Published on : Friday, August 14, 2020
On March 27th, 2020, a horrible Covid-19 pandemic hit Italy tremendously when the civil protection authorities declared that 969 people lost their lives in just 24 hours. Images of large number of coffins stacked up in church parlors and being driven down Bergamo streets in a caravan of military trucks poured into the homes of Italians, by then lockdown was almost three weeks continuing.
Four months later, life in Italy, the country Vice President Mike Pence explained “no one wanted to be like,” is virtually normal, in spite of infrequent spikes in new cases that have been caused due to migrants coming to the country or living in close quarters.
The mortality rate has reached at just over 35,000; with the number of new reported deaths at the present is less than a dozen most days. The total number of cases now at 250,103 with daily increments in the low hundreds at most.
In Italy, nightclubs and schools are yet to be reopened, face masks are mandatory and social distancing is compulsory as well, however, summer is in full swing here. As a result, people are going out for dinner at restaurants, enjoying time in Open Square, going on vacation and moving ahead. It’s nothing short of a miracle, particularly in comparison to Brazil and the United States, where the pandemic is still on rise.
Before March, when almost 1,000 people died, stories about how Italians were avoiding the lockdown were rampant. Stories of secret dinner parties and entire apartment blocks walking the same dog just to get outside exposed Italian national’s pastime in bending the rules. By that time, the lockdown had meant that everyone except the essential of workers was confined to within just 300 meters of their homes.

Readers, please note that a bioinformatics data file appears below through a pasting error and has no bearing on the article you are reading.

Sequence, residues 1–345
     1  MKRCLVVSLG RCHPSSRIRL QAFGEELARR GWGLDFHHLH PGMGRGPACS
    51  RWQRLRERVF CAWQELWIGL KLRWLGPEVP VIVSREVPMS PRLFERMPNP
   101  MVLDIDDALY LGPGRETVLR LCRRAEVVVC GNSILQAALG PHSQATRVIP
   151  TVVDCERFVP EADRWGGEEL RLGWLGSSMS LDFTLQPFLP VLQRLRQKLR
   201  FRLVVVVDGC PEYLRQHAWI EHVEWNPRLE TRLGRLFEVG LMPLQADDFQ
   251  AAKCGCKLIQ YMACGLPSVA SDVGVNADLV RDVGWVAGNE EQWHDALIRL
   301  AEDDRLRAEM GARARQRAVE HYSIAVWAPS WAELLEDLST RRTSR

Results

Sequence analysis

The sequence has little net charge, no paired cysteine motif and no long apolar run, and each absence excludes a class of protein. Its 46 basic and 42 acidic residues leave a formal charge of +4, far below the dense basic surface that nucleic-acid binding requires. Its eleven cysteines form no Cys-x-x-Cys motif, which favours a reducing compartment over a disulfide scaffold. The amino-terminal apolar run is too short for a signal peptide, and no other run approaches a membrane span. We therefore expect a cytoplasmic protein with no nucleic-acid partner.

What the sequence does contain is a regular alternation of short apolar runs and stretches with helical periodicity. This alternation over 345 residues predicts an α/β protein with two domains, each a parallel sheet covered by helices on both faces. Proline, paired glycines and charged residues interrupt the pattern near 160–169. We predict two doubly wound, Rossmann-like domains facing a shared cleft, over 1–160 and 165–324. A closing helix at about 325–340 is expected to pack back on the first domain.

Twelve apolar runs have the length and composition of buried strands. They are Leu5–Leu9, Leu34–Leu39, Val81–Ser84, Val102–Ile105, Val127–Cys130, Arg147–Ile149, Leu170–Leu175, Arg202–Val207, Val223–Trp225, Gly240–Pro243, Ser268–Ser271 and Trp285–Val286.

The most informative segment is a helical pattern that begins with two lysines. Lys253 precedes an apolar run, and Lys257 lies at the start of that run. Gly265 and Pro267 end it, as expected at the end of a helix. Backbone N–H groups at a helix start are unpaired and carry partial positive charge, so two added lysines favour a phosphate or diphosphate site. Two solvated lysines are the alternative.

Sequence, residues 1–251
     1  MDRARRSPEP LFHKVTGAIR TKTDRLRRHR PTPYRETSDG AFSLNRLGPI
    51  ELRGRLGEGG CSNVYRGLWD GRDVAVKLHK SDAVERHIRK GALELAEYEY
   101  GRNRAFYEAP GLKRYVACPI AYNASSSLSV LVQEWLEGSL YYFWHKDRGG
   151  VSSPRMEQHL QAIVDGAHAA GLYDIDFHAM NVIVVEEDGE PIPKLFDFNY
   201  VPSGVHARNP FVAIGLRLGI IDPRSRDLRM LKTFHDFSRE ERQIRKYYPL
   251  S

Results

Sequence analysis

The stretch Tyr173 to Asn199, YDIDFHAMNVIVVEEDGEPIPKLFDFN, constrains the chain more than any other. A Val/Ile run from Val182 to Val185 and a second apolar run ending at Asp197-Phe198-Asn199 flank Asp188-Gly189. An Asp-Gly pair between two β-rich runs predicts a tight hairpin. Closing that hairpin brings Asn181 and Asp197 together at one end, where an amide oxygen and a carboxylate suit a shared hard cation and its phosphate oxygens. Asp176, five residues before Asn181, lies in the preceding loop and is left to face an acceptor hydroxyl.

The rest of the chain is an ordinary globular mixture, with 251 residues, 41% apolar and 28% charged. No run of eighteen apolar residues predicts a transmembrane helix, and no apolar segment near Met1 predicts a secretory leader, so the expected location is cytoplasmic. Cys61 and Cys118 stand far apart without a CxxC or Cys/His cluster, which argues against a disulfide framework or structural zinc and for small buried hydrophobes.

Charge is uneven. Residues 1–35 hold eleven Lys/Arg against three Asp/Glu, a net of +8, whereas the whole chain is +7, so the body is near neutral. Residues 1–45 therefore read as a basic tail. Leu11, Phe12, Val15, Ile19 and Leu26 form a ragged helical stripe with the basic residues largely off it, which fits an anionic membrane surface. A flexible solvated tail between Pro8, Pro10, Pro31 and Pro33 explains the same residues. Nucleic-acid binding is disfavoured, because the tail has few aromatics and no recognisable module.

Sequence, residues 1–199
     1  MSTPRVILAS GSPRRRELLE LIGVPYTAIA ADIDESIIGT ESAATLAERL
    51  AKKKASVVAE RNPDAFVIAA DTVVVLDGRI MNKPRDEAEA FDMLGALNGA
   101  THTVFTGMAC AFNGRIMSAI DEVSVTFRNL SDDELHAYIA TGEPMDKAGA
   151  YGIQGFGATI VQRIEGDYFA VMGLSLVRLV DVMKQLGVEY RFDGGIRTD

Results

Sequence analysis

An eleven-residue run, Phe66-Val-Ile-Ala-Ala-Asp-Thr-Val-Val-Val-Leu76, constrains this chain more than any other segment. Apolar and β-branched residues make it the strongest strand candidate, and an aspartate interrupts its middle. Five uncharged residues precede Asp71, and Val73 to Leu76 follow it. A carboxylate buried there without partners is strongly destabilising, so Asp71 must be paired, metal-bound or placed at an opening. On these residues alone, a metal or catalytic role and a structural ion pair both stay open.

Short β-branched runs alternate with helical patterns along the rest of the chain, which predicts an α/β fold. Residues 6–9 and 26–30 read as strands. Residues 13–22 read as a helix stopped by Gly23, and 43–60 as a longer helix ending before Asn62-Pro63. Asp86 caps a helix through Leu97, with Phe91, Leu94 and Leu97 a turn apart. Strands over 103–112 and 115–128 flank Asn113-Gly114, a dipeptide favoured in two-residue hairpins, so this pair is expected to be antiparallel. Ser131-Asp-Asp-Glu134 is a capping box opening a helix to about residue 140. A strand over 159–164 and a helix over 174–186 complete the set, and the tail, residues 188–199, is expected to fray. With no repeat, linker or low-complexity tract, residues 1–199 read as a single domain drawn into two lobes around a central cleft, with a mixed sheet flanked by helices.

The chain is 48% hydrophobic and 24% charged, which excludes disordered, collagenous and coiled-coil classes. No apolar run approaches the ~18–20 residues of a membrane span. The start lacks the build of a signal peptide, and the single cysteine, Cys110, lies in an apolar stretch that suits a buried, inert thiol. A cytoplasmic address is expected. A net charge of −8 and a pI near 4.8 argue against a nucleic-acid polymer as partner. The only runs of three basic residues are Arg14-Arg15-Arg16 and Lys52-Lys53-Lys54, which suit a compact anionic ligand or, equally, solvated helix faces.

People have become jobless, businesses suffered immensely and children lost valuable time as the ill-funded education system of Italy fought hard to adapt to online teaching. However as hard as it was, the images of the dead, of the congested hospitals, loving grandmothers and grandfathers dying alone created an unimaginable national sorrow and scared the entire country, says Gianni Rezza, director of the National Health Institute.
“The population reacted quite positively in the first phase, however fear probably played a role,” he told CNN. “Images of the coffins carried on military trucks in Bergamo were harsh, and evidently they made it clear how leaving the uncontrolled circulation of the virus would lead to serious problems.”
Things got better with time from that horrible day, with daily cases, ultimately hitting a plateau and dropping to an insignificant number of daily infections. People understood the importance of lockdown, wore masks as they continue to do today, and the country gradually bounced back to normal.